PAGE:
4 Key Takeaways from GAO Report on Medicare and Medicaid Anti-Fraud Efforts
The Government Accountability Office (GAO) recently released a report to Congress related to the Centers for Medicare & Medicaid Services’ (CMS) efforts aimed at addressing Medicare, Medicaid, the Children’s Health Insurance Program, and the Affordable Care Act (ACA) anti-fraud efforts. CMS concurred with the GAO’s recommendations, which have important implications for Medicare and Medicaid managed care plans, as well as issuers in the marketplace.
Navigant provides major takeaways from the GAO report to Congress regarding Medicare and Medicaid anti-fraud efforts that plans can use now to plan for 2018
1. Per the GAO, CMS’ Efforts to Manage Anti-Fraud Risk Only Partially Align with GAO’s Fraud Risk Management Framework
The GAO published a Fraud Risk Management Framework in 2015 that described leading practices for managing fraud risk in federal programs such as Medicare and Medicaid.1 The framework describes a continuous cycle arranged into four components: commit, assess, design and implement, and evaluate and adapt. CMS’ strategy to address Medicare and Medicaid fraud has only partially aligned with the GAO’s framework. Although CMS has shown commitment by establishing the Center for Program Integrity to lead its anti-fraud efforts, the GAO points out that this more broad-based view can dilute the impact and ability of CMS to focus on fraudulent activities.
2. Culture and Commitment are Key
CMS requires health plans, providers, and other key stakeholders to take mandatory fraud awareness training, but it does not require the same of its contracting officers.2 While dedication of resources, among other things, point to CMS’ commitment, this enhanced step aimed at training to increase awareness of potentially fraudulent activity is important and one for plans to consider when assessing the effectiveness of their compliance with CMS’ Fraud, Waste, and Abuse (FWA) program requirements. The GAO recommendation underscores the importance in the government’s view of organizational culture and commitment.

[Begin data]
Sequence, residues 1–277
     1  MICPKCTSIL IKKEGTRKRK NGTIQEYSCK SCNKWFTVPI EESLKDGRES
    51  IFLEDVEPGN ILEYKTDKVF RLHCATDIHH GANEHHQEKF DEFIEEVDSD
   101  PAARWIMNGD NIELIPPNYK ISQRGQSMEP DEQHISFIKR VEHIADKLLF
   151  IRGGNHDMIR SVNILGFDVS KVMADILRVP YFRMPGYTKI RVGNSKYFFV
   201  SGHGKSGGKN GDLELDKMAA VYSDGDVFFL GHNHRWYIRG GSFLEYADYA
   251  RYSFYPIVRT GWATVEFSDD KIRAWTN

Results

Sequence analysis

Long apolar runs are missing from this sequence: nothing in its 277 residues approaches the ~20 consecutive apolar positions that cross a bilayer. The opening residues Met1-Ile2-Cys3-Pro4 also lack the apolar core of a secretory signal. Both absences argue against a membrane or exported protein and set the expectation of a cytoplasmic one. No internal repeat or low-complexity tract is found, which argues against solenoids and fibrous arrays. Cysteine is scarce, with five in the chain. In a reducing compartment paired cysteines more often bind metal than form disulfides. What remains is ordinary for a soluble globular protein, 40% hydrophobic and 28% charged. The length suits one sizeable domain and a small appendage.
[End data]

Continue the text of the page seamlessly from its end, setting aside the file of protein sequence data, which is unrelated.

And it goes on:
The GAO stressed the commitment element of the framework, pointing out that CMS has openly and appropriately shown commitment to beneficiary access to care and reduction of administrative burden based on its mission. However, anti-fraud program activities as articulated in the GAO framework are meant to facilitate, not hinder, member access. Managed care plans can expect to see increased scrutiny of their FWA programs. CMS enhanced FWA specific components in the 2017 Program Audit Process and Protocols.
3. Fraud Risk Assessment Allows Proper Focus and Allocation of Resources
CMS has not performed a Medicare and Medicaid fraud-specific risk assessment even though the concept of risk assessment is well-established in the Medicare Managed Care Manual and CMS Compliance Program Effectiveness and Program Audit Protocols. CMS has focused most of its programming on provider and geographic profiling in Medicare and Medicaid Fee for Services (FFS), which has not truly addressed the critical likelihood and impact of inherent fraud risk in the rapidly growing Medicare Advantage and Medicaid managed care programs. These types of programs, according to GAO, may have multiple hard-to-detect fraud risks in their design. The GAO also cites a recent Medicare Part C risk adjustment case as an example of such risk.
CMS is in the process of conducting an ACA-based fraud risk assessment pursuant to 2016 GAO recommendations. CMS stated it will conduct a similar risk assessment for Medicare and Medicaid once that work is completed.
The completion of a Medicare Part C fraud risk assessment would allow CMS to determine whether proactive fraud controls would help mitigate residual risk in managed care government programs.
4. A Risk-Based Anti-Fraud Strategy Must be Well-Articulated
The GAO recommended that CMS take care in developing and documenting an anti-fraud strategy that is based on a fraud risk assessment to ensure that a broad view of fraud risks is then coordinated and resources given to the most significant fraud risk areas. This also means that lessons learned from FFS anti-fraud monitoring and data analytics efforts are important, but require careful consideration to fully apply and deploy them to Medicare and Medicaid managed care.
The point made by the GAO relates to an issue that we consistently see in our practice. Many health plans’ special investigations units are well-versed in looking for provider-based fraud but less experienced in terms of the more nuanced managed care schemes that extend to many different stakeholders and include alignment of different incentives.
The GAO report, revised CMS audit protocols, and high-profile court cases related to Medicare Advantage risk-adjusted payment all signal to managed care plans that they should make sure they have properly incorporated GAO’s anti-fraud framework in their own organizations and established clear strategies for assessing, monitoring, and evaluating anti-fraud activities in 2018.
1 GAO, A Framework for Managing Fraud Risks in Federal Programs, GAO-15-593SP (Washington, D.C.: July 2015). http://www.gao.gov/products/GAO-15-593SP
2 According to the GAO Report to Congressional Addressees, Medicare and Medicaid, December 2017, only 10 percent of CMS’ contracting officers had taken fraud awareness training in 2016-2017, 28.